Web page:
Since 2003, Iraq is struggling to find a way to deal with its repressive past and violent present. Impunity Watch together with Iraqi Association Al Amal and PAX launched in 2016 a programme on “Engendering the Transition to Peace and Security in Iraq” that aims to map sexual and gender-based violence in Iraq, expose its root causes and enhance local capacity to address it. As part of this programme, the three organisations organised an exchange trip to Tunisia for a group of Iraqi activists and officials to meet with their counterparts and learn how Tunisia’s transition has dealt with violence and abuses faced by women under the previous regime, and how official and unofficial truth-seeking efforts were used to address gender-based abuses.
The exchange trip took place from 20 to 24 November 2017. The group included activists from Al Amal and Al Firdaws associations in addition to the Director of Women Empowerment at the Iraqi Council of Ministers and a representative of the Ministry of Interior who is in charge of training and capacity building. Participants represented different governorates in Iraq: Baghdad, Al Basra, and Kirkuk. The trip was an opportunity to meet representatives of CSOs, victims’ groups and officials in the Tunisian government and state institutions.
A meeting took place with the High Committee of Human Rights and Fundamental Freedoms. Mr. Taoufik Bouderbala, head of this committee talked about the geneses of the institution during the dictatorship and its passive role before the revolution. He also shed light on the new role the committee is playing today including announced or unannounced visits to prisons to check detention conditions and recommendations they make to Parliament on specific legislation such as the recent law on violence against women.
The group also visited the Truth and Dignity Commission (TDC) and met its chairperson, Ms. Sihem Ben Sedrine and other commissioners. Ms. Oula Ben Nejma, President of the Investigation and Research Committee gave an extensive presentation on the transitional justice process in Tunisia, the role of the TDC and the processing of victims’ files.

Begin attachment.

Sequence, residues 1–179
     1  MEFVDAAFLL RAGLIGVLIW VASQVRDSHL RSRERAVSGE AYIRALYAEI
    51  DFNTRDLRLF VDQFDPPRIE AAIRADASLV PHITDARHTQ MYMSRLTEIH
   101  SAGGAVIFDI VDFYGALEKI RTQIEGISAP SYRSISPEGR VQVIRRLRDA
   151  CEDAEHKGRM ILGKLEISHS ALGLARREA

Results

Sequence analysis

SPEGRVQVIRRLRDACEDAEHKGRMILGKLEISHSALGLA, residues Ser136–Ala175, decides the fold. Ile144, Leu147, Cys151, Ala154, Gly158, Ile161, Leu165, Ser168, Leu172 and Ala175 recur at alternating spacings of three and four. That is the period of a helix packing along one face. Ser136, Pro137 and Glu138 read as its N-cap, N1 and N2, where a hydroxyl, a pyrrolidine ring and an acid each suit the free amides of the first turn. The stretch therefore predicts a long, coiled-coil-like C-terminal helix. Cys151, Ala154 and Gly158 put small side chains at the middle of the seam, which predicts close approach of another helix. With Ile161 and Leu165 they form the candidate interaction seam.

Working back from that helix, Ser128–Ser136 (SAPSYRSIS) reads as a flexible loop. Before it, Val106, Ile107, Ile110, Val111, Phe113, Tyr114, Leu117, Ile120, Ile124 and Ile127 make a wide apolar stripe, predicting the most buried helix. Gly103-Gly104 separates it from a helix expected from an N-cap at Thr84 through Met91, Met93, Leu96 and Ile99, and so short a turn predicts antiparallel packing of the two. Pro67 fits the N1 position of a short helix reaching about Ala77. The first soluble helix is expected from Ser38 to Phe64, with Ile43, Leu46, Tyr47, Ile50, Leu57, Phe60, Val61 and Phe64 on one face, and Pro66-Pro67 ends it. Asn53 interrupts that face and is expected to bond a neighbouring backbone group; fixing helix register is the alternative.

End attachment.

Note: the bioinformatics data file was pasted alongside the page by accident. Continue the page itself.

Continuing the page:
Participants met also with the Head of Office of the International Center for Transitional Justice (ICTJ), Ms. Salwa El Gantri who explained how the transitional justice process in Tunisia operates under a government that appears to be hostile to the process. Tunisian Victims’ groups also attended the meeting at ICTJ. Women victims who worked on establishing the network “Transitional Justice is also for Women” in Tunisia and those who participated in the recent creation of a national victims’ coalition gave their counterparts practical information and advice on the challenges to work and network and defend victims’ interests in the current climate in Tunisia.
The group met also with Aswat Nissa’, a feminist youth organisation focusing on women leadership in political parties, gender and security sector reform. The meeting allowed for an exchange on the experience of both countries in relation to UNSC Resolution 1325 and establishment of gender-sensitive codes of conducts to be used by security services. This meeting was a true mutual exchange of lessons learnt for both sides. The Aswat Nissa’ activists were impressed by the number of women enrolled in Iraqi police and the gender-based approach adopted within this institution.
In their meetings with UN Women and the Ministry of Women Affairs Representative, Iraqi participants expressed their admiration for the Tunisian law on violence against women. The Iraqi delegation served also as a source of information for their Tunisian counterparts regarding the creation of a 1325 National Plan of Action (NAP), especially that Iraq is working on its second NAP now while Tunisia will make public its first plan in 2018.
In a meeting with Mr. Samir Dilou, former Minister of Human Rights and Transitional Justice and current head of the Women Committee in the Tunisian Parliament and Mr. Mohsen Sahbani, Former chair of the Technical Committee that drafted the transitional justice law in Tunisia, attention was paid on the importance of inclusive processes and innovative thinking when it comes to designing transitional justice policies and national strategies.
Finally, the group had the unique experience of attending a public hearing organised by the Truth and Dignity Commission on the use of buckshot shooting to suppress peaceful protests in Siliana in 2012.
The Observatory of Judicial Independence is a tool to monitor and analyse the internal and external factors that threaten judicial independence in Guatemala.